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BACKGROUND: Individualised prediction of outcomes can support clinical and shared decision making. This paper describes the building of such a model to predict outcomes with and without intravenous thrombolysis treatment following ischaemic stroke. METHODS: A decision analytic model (DAM) was constructed to establish the likely balance of benefits and risks of treating acute ischaemic stroke with thrombolysis. Probability of independence, (modified Rankin score mRS ≤ 2), dependence (mRS 3 to 5) and death at three months post-stroke was based on a calibrated version of the Stroke-Thrombolytic Predictive Instrument using data from routinely treated stroke patients in the Safe Implementation of Treatments in Stroke (SITS-UK) registry. Predictions in untreated patients were validated using data from the Virtual International Stroke Trials Archive (VISTA). The probability of symptomatic intracerebral haemorrhage in treated patients was incorporated using a scoring model from Safe Implementation of Thrombolysis in Stroke-Monitoring Study (SITS-MOST) data. RESULTS: The model predicts probabilities of haemorrhage, death, independence and dependence at 3-months, with and without thrombolysis, as a function of 13 patient characteristics. Calibration (and inclusion of additional predictors) of the Stroke-Thrombolytic Predictive Instrument (S-TPI) addressed issues of under and over prediction. Validation with VISTA data confirmed that assumptions about treatment effect were just. The C-statistics for independence and death in treated patients in the DAM were 0.793 and 0.771 respectively, and 0.776 for independence in untreated patients from VISTA. CONCLUSIONS: We have produced a DAM that provides an estimation of the likely benefits and risks of thrombolysis for individual patients, which has subsequently been embedded in a computerised decision aid to support better decision-making and informed consent.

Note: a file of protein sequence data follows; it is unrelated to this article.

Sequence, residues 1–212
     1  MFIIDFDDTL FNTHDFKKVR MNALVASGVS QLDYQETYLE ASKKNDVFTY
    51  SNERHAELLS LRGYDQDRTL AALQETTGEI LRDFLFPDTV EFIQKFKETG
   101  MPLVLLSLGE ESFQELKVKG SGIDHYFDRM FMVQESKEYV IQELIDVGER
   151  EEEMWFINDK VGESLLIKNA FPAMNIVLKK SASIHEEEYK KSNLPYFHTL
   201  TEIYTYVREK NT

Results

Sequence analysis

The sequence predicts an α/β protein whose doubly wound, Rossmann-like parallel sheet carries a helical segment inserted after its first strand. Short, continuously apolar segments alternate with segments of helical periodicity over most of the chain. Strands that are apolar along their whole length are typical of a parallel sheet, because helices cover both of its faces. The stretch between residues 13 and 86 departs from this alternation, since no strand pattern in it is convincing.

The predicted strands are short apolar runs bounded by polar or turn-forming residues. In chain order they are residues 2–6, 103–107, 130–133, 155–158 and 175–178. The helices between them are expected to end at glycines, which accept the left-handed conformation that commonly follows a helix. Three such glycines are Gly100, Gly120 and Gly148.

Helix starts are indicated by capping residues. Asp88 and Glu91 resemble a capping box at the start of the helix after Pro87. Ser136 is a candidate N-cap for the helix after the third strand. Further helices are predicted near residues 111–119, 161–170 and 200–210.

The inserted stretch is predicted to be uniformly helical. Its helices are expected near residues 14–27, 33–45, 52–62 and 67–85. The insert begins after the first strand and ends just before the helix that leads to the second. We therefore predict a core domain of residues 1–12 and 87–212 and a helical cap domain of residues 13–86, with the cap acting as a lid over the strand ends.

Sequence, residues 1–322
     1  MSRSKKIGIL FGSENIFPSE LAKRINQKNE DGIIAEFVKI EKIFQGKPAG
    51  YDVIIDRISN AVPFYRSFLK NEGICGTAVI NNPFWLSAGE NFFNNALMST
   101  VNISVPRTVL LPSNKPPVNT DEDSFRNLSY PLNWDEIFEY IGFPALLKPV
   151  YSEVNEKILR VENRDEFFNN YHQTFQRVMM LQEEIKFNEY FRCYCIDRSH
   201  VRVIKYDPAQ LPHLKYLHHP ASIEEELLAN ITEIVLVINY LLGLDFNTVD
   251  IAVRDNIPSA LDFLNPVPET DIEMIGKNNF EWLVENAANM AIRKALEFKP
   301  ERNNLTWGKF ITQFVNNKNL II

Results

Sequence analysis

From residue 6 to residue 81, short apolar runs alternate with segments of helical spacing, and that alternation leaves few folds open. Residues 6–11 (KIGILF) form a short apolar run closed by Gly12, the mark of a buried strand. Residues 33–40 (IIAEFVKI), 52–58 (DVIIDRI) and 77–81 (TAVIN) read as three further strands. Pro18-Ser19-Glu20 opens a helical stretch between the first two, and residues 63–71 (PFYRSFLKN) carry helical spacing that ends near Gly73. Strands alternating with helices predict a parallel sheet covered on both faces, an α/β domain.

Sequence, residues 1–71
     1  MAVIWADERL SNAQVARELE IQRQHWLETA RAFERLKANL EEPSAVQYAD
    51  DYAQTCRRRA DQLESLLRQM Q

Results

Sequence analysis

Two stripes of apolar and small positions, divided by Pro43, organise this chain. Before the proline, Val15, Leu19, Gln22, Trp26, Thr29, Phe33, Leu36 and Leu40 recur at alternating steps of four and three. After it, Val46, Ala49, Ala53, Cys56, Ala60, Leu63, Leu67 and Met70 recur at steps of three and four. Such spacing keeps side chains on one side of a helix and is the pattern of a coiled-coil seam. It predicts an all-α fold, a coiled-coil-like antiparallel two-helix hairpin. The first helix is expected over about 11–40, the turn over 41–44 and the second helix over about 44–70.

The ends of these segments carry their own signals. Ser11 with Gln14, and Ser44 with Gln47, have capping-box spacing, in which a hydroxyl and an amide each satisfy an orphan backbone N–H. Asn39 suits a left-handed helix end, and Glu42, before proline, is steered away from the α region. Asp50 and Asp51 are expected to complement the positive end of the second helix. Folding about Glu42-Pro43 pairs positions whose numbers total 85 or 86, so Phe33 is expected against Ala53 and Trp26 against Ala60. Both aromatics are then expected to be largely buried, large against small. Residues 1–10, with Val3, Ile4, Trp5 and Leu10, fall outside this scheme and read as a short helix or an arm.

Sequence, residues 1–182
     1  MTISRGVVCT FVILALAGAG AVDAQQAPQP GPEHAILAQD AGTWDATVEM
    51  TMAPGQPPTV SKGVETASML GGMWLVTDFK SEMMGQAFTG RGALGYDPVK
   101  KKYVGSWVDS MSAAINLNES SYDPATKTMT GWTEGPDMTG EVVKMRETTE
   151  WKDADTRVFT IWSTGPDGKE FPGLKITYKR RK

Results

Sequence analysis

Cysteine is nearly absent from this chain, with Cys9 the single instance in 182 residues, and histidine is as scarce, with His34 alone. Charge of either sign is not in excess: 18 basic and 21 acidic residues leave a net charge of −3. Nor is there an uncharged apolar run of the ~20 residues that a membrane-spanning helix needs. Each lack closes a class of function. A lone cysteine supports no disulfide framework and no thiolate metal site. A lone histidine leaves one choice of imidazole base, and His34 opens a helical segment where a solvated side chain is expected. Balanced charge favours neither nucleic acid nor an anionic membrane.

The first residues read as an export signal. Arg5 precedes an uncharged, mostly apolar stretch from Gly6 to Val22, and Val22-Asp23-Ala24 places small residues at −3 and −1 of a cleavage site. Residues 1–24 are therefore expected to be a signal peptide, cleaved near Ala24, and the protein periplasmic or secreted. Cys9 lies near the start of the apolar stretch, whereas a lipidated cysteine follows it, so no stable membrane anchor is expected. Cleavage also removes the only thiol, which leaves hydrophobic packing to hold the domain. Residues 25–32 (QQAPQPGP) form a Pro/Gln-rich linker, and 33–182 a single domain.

Original publication




Journal article


BMC Med Inform Decis Mak

Publication Date





Aged, Aged, 80 and over, Brain Ischemia, Decision Support Techniques, Female, Humans, Male, Middle Aged, Registries, Stroke, Thrombolytic Therapy